Those not soil’d or broken, she laid them where he was seated :57
Then, with voice as sweet as birds that sadden at even,58
Spake, not looking up, as if she knew that he watch’d her :—59
These are for mamma : I am so glad : what a number !60
Violets, of all things ! for you must know that she loves them61
Best of all. How lucky !  Now mamma will be happy.”62
With a glad surprise he bent an ear to the music63
Of his English tongue, heard in the land of the stranger.64
So he took the flowers, and, leaning o’er them, he answer’d,—65
Does she ? so do I.”  “ O yes,” she said, “ and I wonder66
Who does not ! what scent !” then with her delicate fingers67
Pluck’d the heads off many that lay beside her, rejected ;68
Shaping letters with them.  “ There,” she said, “ do you know it ?69
Do you know my name ?  But you be quiet a minute :70
I will make it for you. Letter E,—that begins it :71
T, H, E, then L : but I suppose you can spell it.72
That is all : now read it : there it is : LITTLE ETHEL.”73
Then she left the flowers, and came and lean’d with her elbows74
On his knees, and scann’d his pale face o’er, and was silent,75
With her thoughts, awhile : but he was charm’d with the strangeness76
Of the large brown eyes, so sad and dreamy and absent ;77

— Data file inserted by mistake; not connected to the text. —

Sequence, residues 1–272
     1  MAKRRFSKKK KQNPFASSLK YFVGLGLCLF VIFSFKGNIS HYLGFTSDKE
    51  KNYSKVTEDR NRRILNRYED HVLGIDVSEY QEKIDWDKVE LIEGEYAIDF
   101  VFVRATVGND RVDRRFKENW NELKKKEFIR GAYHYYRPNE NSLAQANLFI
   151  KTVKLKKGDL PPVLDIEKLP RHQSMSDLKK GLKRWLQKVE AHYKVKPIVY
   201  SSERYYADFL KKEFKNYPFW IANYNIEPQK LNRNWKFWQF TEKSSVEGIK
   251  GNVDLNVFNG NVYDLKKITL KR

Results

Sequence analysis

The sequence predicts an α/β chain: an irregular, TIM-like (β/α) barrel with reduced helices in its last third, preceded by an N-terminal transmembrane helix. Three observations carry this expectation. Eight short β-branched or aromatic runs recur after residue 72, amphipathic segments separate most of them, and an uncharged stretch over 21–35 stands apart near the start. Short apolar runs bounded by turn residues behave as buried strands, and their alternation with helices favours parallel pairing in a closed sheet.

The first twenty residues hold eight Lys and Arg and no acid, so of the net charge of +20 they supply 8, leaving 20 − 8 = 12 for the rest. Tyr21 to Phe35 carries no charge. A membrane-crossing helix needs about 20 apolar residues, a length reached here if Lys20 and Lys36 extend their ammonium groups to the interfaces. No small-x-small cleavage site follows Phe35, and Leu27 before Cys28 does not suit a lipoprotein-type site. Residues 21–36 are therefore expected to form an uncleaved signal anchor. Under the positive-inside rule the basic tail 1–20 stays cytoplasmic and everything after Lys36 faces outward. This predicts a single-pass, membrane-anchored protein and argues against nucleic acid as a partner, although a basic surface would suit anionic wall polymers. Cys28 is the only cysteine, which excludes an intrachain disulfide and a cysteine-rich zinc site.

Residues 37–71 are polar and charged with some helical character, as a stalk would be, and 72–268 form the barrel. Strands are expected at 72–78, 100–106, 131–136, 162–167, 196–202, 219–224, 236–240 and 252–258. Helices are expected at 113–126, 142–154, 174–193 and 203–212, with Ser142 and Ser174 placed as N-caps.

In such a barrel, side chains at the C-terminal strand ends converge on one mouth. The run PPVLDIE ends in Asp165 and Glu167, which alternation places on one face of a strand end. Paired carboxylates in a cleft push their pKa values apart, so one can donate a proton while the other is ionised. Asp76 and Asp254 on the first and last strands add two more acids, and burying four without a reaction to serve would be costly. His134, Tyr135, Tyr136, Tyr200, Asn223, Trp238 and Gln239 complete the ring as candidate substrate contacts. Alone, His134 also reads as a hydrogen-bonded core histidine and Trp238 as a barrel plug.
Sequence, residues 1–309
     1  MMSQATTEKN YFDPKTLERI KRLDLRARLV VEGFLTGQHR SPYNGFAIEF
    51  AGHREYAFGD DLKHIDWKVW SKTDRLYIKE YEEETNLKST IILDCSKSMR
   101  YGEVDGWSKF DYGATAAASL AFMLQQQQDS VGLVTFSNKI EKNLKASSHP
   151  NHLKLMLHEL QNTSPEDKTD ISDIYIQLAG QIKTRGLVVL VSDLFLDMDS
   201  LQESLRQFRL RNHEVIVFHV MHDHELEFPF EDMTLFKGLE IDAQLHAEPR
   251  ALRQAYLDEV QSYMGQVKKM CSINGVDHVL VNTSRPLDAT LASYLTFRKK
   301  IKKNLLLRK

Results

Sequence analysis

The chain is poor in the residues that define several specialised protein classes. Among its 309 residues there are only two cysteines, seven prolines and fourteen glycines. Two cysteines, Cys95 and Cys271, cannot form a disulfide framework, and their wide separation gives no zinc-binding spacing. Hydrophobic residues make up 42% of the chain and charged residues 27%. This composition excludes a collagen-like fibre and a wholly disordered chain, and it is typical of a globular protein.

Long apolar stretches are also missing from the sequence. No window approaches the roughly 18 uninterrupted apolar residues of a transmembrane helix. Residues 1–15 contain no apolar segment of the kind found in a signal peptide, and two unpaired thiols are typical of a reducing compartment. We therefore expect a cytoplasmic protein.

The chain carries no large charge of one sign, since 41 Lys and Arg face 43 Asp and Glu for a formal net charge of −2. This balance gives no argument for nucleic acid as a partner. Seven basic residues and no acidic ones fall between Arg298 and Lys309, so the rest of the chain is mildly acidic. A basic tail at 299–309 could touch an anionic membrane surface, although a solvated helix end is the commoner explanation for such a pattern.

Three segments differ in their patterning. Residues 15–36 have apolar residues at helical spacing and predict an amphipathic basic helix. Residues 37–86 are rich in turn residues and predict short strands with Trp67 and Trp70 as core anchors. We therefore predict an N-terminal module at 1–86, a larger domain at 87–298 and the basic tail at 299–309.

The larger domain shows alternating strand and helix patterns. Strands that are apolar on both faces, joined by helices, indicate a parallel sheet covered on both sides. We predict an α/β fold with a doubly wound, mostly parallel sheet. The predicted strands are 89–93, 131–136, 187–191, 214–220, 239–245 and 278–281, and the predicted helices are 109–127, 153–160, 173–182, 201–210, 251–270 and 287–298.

All too sad and absent, for a child, for the summers78
She had known, so few. But, with her survey contented,79
Little Ethel smiled : she said— “ I knew you were English.80
So are we. Mamma is. I am, too.—Did I tell you ?81
My papa is dead. Is yours ?”  He tenderly kissd her :82
Yes,” he said ; and, thinking, scarcely seem’ to remember83
When he knew her first, he seem’d so long to have known her.84
That is why you are sad,” with look of sorrow she whisper’d.85
Berthold did not answer, but with his hand, that was gentle86
As a woman’s, softly smoothed away from the forehead87
Of his new-found friend the loose brown hair, for it wander’d88
Wild, and seldom heeded.  “ Yes,” he thought, “ you are pretty,89
Care-worn little face ;” and mused, and seem’d to remember90
Such a face, but could not. And then, because she was silent,91
He began to chatter, asking many a question,92
For he lov’d to hear the sweet low voice, as it murmur’d93
This and that, confiding.  “ Do you know how I like it,94
Talking here?” she said.  “ We are so dull. You have never95
Come before up here, or I should surely have seen you ;96
For I come here often. And, yes, indeed, it is lovely.97
And it makes me well, mamma says. Now, I must tell you,98
I am not so strong, and ill sometimes in the winter.99
I come all myself : she sits at home with her knitting,100
All day long. She paints. O you should look at the pictures101
Which she does : such dear ones : full of roses and lilies !”102
He awhile was happy with the smiles and the prattle103
Of his tiny friend. The bitter load of his burden104
Still a child could lessen. He was not wholly forsaken105
Of the God who keeps His dear ones tender and simple.106
Two figures meet and converse in the outdoors. A man sits on a bench and looks down toward the face of a young girl. The girl’s back is turned toward the viewer. The figures are surrounded by flowers and grasses in the foreground. The background features two varieties of trees and birds flying in the sky. Full-page illustration.